For the Poughkeepsie Advertiser.
The Shepherd's Address to the Milk Maid.
It is generally supposed that this song was
written by Shakespeare. [Actually, Christopher Marlowe.]
The Milk Maid's answer wrote by Sir Walter Raleigh,
will be in the next number of this paper.
If all the world and love were young,
And truth in every shepherd's tongue,
These pretty pleasures might me move
To live with thee and be thy Love.
But Time drives flocks from field to fold;
When rivers rage, and rocks grow cold,
Then Philomel becometh dumb,
And age complains of cares to come.
The flowers do fade, and wanton fields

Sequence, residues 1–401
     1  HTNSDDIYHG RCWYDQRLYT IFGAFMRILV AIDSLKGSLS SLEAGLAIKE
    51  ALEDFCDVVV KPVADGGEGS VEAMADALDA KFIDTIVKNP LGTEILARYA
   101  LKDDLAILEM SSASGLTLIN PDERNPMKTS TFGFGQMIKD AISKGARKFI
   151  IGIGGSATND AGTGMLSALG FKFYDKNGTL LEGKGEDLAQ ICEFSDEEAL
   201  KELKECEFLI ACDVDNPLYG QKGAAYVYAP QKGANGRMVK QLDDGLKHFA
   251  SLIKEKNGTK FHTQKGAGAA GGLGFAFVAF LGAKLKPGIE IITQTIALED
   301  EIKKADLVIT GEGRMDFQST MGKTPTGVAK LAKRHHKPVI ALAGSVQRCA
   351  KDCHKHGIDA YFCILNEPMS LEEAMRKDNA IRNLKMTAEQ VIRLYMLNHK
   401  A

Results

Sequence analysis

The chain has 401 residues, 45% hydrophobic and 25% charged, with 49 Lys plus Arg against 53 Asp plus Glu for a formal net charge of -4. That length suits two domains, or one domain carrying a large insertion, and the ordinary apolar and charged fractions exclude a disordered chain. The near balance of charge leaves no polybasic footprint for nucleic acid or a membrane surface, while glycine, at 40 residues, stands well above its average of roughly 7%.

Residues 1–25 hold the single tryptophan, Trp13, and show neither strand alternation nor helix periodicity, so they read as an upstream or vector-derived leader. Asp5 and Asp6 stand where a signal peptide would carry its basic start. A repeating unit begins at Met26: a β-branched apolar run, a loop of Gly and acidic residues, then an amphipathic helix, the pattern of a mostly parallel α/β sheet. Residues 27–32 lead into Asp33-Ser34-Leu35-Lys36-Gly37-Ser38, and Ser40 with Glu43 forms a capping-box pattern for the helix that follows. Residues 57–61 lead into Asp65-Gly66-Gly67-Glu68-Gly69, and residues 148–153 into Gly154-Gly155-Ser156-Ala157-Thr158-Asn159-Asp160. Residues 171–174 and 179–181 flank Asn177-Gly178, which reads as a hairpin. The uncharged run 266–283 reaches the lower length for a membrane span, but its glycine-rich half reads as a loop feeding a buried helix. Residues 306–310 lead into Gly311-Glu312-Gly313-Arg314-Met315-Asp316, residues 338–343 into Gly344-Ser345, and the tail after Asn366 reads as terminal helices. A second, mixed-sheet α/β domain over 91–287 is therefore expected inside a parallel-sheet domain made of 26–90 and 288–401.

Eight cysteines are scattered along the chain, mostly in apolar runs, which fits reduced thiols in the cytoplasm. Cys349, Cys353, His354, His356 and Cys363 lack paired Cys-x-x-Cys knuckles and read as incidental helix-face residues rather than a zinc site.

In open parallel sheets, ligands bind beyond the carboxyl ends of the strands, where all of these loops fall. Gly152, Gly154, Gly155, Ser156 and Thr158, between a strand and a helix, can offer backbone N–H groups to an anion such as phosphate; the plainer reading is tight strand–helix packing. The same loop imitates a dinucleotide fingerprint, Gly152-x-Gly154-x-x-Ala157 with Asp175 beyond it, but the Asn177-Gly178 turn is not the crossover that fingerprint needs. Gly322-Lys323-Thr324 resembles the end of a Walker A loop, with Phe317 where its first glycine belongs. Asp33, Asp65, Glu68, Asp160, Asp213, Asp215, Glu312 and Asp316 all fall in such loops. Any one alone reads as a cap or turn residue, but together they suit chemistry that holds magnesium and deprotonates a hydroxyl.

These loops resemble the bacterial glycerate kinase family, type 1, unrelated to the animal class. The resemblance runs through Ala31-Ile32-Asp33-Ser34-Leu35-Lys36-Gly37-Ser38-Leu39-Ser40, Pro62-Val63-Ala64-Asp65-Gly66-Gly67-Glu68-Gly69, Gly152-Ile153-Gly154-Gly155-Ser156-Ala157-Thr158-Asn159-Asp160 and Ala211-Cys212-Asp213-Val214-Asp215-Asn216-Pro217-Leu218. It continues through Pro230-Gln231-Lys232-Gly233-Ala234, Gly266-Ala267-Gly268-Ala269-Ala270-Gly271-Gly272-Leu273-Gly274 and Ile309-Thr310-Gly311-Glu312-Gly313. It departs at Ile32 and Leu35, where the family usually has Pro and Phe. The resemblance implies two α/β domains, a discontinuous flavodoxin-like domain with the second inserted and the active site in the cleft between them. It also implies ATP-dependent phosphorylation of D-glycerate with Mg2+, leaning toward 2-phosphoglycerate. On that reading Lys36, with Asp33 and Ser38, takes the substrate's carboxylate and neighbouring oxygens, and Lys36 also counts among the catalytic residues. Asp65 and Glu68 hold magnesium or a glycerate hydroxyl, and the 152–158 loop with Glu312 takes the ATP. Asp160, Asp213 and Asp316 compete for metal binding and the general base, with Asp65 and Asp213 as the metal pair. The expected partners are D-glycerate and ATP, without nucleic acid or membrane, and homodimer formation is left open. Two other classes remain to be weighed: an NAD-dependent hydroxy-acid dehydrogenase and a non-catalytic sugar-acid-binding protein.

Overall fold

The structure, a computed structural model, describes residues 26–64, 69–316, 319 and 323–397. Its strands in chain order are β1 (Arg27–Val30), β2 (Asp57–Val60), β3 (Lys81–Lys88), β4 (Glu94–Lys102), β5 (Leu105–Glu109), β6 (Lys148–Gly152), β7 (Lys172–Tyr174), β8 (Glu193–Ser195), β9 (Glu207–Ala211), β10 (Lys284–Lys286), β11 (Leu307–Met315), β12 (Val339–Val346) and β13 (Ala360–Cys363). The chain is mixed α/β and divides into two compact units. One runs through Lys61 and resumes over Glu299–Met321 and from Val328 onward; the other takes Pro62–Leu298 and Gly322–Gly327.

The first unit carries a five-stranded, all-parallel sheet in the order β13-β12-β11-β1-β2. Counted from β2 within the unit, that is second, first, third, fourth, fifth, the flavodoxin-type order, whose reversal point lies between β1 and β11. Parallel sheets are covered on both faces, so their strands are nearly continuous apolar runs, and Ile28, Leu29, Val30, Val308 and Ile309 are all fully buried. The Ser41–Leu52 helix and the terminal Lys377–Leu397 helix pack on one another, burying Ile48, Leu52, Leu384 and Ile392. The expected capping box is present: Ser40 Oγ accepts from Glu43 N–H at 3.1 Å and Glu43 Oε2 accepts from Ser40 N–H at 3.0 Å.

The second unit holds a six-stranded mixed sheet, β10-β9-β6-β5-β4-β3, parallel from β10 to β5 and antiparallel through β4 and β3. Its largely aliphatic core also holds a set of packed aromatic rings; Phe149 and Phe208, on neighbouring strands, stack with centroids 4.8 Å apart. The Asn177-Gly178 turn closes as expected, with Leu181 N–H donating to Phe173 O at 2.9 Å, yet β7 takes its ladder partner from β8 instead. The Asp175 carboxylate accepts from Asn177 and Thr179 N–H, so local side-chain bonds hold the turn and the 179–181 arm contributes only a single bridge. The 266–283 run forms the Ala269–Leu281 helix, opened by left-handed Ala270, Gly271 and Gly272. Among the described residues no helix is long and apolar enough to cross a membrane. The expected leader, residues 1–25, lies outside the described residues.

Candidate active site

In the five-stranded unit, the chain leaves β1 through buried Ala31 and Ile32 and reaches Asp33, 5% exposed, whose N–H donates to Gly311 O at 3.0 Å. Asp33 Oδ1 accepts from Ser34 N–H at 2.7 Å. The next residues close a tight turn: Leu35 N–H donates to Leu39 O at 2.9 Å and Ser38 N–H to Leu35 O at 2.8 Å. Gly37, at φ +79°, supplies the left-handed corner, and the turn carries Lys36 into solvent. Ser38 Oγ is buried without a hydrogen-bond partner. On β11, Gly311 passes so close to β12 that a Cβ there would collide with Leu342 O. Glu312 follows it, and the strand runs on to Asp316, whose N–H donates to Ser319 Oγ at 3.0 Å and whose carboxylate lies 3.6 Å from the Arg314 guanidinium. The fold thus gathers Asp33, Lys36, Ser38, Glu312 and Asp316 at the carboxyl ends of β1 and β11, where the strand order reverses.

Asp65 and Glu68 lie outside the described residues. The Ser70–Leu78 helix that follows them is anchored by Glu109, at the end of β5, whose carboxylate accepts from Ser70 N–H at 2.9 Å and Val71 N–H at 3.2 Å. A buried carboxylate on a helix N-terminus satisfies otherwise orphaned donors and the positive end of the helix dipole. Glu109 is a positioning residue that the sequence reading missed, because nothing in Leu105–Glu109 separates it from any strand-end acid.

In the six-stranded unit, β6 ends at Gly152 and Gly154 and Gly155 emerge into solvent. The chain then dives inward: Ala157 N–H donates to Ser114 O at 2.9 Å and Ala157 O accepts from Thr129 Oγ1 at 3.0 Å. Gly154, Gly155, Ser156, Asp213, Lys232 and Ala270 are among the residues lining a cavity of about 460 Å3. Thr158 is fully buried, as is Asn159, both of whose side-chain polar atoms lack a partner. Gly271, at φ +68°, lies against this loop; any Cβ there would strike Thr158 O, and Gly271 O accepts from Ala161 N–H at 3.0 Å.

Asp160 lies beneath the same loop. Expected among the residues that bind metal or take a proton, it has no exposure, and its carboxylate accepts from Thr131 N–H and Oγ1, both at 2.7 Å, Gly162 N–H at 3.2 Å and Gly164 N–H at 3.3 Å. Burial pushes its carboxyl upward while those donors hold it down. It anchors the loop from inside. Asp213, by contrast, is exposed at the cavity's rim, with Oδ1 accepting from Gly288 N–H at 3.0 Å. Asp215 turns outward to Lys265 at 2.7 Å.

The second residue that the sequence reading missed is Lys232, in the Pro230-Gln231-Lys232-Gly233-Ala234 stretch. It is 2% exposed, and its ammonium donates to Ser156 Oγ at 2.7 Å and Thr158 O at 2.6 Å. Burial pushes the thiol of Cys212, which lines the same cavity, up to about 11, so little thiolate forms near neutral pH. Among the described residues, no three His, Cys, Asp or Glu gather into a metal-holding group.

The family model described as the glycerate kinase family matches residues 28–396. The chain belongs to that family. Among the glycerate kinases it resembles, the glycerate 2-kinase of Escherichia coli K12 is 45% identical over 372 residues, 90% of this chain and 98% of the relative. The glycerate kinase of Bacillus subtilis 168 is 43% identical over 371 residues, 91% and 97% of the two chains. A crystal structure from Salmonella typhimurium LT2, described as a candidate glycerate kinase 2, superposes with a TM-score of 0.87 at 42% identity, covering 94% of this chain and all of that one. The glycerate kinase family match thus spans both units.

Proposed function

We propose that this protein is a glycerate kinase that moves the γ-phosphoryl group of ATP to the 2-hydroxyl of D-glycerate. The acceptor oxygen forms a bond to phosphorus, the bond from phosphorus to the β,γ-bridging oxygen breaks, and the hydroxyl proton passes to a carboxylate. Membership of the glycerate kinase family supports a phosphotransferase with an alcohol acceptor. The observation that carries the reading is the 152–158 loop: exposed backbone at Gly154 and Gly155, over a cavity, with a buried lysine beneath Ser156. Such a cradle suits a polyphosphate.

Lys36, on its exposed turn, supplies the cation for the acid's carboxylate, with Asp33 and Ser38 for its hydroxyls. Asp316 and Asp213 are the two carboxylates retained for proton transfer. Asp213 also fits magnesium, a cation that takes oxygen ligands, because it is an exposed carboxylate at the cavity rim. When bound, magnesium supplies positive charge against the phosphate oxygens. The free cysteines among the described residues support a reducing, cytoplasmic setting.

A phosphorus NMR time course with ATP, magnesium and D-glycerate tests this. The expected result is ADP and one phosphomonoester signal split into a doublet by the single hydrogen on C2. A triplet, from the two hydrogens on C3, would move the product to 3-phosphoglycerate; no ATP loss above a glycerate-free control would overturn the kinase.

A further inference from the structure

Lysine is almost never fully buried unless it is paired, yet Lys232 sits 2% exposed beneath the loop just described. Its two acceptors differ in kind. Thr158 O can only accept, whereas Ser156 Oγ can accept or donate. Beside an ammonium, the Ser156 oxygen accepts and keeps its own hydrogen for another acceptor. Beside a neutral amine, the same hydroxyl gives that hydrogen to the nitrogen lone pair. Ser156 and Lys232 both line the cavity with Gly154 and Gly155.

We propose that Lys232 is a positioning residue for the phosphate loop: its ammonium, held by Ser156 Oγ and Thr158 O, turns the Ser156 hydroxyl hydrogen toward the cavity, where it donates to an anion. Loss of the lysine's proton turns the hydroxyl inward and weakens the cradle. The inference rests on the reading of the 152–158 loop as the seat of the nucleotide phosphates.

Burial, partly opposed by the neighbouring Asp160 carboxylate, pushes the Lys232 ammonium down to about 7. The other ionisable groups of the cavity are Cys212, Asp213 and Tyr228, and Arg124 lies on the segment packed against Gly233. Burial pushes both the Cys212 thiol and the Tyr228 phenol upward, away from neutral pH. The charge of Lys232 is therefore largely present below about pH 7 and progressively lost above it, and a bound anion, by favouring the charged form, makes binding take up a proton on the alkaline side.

To way-ward winter reckoning yields,
A honey tongue, a heart of gall,
Is fancy's spring, but sorrow's fall;
Thy gowns, thy shoes, thy beds of roses,
Thy cap, thy kertle, and thy posies,
Soon break, soon wither, soon forgotten,
In folly ripe, in reason rotten.
Thy belt of straw, and ivy-buds,
Thy coral clasps, and amber studs,
All these in me no means can move
To come to thee, and be thy love.
What should we talk of danities then,
Of better meat than's fit for men?
These are but vain: that's only good
Which heav'n hath blest, and sent for food.
But could youth last, and love still breed,
Had joys no date, nor age no need;
Then these delights my mind might move
To live with thee, and be thy Love.